The Employment Appeal Tribunal last month upheld a ruling that an employee who had spent 18 months on sick leave before resigning had delayed too long to bring a claim of constructive dismissal.

The employee accepted that the treatment to which she objected took place before the commencement of sick leave. She attempted two arguments to justify her delay:

  1. I was too sick to properly consider my position. No you were not, said the Employment Tribunal - during this period you organised extensive travel plans, engaged in coherent email traffic and took legal advice.
  2. I did not ever “affirm” the contract so as to lose my right to claim constructive dismissal. How could I have done so? I was off sick. Not so, said the Tribunal - you accepted sick pay over a long period of time and, in doing so, lost your right to claim constructive dismissal.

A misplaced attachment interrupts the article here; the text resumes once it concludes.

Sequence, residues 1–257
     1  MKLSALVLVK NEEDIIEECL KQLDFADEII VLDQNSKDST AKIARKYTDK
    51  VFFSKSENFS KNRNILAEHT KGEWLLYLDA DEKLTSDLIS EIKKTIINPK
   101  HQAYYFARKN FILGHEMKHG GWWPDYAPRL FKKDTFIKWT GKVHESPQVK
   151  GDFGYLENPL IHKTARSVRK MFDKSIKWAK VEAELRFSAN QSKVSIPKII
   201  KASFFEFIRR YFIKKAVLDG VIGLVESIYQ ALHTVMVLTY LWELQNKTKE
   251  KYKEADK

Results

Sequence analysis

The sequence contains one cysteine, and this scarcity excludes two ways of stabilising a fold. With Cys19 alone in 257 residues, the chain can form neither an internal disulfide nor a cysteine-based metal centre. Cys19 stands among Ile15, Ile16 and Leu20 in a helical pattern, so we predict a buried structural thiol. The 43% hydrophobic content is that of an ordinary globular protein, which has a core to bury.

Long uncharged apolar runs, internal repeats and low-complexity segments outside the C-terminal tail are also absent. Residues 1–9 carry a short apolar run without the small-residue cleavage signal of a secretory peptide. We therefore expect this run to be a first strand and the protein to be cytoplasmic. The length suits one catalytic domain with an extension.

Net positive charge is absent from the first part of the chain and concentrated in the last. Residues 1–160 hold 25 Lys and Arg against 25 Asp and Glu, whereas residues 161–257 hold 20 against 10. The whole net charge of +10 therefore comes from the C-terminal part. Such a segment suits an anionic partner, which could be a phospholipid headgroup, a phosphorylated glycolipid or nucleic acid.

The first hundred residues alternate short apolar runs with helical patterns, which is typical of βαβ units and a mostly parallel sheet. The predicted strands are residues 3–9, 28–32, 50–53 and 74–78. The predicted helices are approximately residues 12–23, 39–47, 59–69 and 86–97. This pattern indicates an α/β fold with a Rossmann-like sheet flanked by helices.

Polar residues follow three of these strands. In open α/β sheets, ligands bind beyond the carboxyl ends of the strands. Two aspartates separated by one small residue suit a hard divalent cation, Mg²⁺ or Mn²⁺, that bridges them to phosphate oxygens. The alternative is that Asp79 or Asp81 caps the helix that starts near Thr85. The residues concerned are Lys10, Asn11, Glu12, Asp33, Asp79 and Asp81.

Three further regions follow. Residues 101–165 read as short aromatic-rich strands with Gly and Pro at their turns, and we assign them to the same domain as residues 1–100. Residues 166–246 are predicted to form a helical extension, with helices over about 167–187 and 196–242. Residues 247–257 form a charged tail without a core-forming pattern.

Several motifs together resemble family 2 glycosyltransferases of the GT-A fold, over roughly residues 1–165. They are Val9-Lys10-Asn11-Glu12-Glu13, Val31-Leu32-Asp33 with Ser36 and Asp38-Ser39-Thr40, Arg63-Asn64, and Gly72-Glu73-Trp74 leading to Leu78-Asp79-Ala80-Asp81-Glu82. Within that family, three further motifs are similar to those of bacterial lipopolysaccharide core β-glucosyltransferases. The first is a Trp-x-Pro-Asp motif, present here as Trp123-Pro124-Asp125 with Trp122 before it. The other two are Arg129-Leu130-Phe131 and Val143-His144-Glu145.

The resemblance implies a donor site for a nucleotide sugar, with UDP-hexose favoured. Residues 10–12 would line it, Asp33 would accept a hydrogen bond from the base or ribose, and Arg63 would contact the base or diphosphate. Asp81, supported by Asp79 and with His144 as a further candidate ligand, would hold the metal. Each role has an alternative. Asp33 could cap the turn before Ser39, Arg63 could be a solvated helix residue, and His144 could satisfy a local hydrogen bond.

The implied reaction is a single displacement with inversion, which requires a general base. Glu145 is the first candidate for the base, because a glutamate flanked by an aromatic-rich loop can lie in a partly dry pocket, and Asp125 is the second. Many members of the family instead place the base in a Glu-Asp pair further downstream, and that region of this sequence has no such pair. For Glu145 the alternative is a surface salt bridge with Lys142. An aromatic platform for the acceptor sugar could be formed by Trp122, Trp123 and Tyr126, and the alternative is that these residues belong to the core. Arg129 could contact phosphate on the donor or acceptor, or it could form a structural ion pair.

The EAT reminds us that while a short period of sickness is acceptable, particularly if the employee protests about her treatment, a long delay is not. Here the employee accepted 39 weeks of sick pay. Likewise, while a short delay before resigning in order to find another job is understandable, a desire to remain employed until another job is found can be too long a delay.

As before, an employee seeking to claim constructive dismissal must not delay too long.

(Colomar Mari v Reuters Ltd UKEAT/0539/13/MC)